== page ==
A year ago we moved my Mother in with us for her care and safety. Being with us covered the safety part. Thankfully, she is healthy and able to care for herself but we suspected she was not eating enough given her decreasing weight. We focused on making sure she had healthy balanced meals to eat; however, several nutrition-related factors experienced by the elderly can make eating difficult.
A decreased sense of taste, delayed sense of thirst and dental issues are just a few major issues that impact seniors. These can lead to missed meals, undernourishment, and dehydration which can worsen existing health issues or lead to new ones. Quick and easy food options tend to be the fallback for seniors for a variety of reasons; however, these options are not always the most nutritious. This coupled with limited budgets experience by some drive seniors to buy packaged food high in sodium and sugar. These are not ideal if high blood pressure, diabetes, or other health conditions are present. Some better meal choices are as follows:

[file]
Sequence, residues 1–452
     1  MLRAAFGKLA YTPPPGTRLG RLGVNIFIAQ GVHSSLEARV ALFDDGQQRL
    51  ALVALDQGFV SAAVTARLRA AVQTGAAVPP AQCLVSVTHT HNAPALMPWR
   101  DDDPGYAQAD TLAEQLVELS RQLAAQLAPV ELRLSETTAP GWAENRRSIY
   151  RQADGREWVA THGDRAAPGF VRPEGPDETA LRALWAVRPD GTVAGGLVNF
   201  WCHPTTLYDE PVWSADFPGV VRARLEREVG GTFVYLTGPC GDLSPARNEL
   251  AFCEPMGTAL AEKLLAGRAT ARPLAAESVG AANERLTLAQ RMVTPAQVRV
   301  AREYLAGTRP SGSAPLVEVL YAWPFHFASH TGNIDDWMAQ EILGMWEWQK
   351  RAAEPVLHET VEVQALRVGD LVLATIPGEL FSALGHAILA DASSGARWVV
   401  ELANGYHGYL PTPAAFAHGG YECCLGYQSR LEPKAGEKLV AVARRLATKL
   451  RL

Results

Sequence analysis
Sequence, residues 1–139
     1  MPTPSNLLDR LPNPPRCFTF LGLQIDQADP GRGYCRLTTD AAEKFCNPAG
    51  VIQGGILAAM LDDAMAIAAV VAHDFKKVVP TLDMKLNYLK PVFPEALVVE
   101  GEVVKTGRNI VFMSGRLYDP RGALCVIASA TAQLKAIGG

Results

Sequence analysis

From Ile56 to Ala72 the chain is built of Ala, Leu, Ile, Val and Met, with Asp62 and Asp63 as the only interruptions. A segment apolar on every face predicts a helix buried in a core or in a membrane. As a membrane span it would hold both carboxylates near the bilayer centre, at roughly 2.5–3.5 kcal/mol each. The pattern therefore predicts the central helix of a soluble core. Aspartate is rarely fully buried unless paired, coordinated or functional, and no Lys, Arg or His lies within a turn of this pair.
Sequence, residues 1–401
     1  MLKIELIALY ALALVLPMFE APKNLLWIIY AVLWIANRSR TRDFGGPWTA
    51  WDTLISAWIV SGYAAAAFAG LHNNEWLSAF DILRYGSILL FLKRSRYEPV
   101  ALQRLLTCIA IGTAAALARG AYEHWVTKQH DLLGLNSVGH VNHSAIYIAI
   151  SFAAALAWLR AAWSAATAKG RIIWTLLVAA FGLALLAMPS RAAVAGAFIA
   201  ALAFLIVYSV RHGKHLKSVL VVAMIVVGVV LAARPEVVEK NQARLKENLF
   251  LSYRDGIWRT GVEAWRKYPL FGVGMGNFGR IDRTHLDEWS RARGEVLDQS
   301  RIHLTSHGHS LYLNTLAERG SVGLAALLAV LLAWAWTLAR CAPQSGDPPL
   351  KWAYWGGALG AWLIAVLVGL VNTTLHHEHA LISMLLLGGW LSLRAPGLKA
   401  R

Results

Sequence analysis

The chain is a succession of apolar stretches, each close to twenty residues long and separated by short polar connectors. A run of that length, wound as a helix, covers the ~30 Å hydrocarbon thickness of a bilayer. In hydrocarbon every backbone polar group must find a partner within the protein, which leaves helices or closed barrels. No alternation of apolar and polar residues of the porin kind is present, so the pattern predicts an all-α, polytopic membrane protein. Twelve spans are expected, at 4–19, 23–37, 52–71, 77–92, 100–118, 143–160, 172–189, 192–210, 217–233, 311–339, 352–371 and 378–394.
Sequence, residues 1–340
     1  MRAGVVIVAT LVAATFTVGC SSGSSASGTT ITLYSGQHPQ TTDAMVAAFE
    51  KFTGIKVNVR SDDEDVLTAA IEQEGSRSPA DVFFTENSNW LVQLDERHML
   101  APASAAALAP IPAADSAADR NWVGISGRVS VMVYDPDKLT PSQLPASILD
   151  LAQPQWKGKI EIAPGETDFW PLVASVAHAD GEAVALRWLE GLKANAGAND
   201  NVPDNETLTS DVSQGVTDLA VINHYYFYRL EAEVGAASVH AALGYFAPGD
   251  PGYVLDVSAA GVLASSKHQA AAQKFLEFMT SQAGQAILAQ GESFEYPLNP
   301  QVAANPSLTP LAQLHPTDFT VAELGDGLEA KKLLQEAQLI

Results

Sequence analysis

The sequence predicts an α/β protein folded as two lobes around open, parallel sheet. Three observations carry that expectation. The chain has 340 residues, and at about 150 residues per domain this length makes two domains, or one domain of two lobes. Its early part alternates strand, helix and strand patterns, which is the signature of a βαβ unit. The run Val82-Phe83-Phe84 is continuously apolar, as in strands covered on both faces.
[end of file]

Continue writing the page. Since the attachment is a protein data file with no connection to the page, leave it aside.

Breakfast: low sugar packaged oatmeal, cereal & milk, yogurt, boiled eggs
Lunch: bagged salad, can tuna/chicken
Dinner: low sodium frozen meals that offer balance; a protein, vegetables, and grain.
Snacks: fruit cups in natural juices, cheese sticks
Fluids: water, tea, coffee (in moderation)
When cooking meals for your family, make extra, freeze it to provide a balanced quick meal to share so your family member or neighbor always has access to good food and feels loved and cared for.
Please check on your elderly loved ones and/or neighbors. Make sure they are eating at least 2 to 3 meals a day and drinking enough fluids to stay hydrated. If you notice changes in their weight and behavior, seek assistance from family members or close friends who can get them medical attention as soon as possible.
Reference: Nutrition Through the Life Cycle Judith Brown et al, pg. 461-463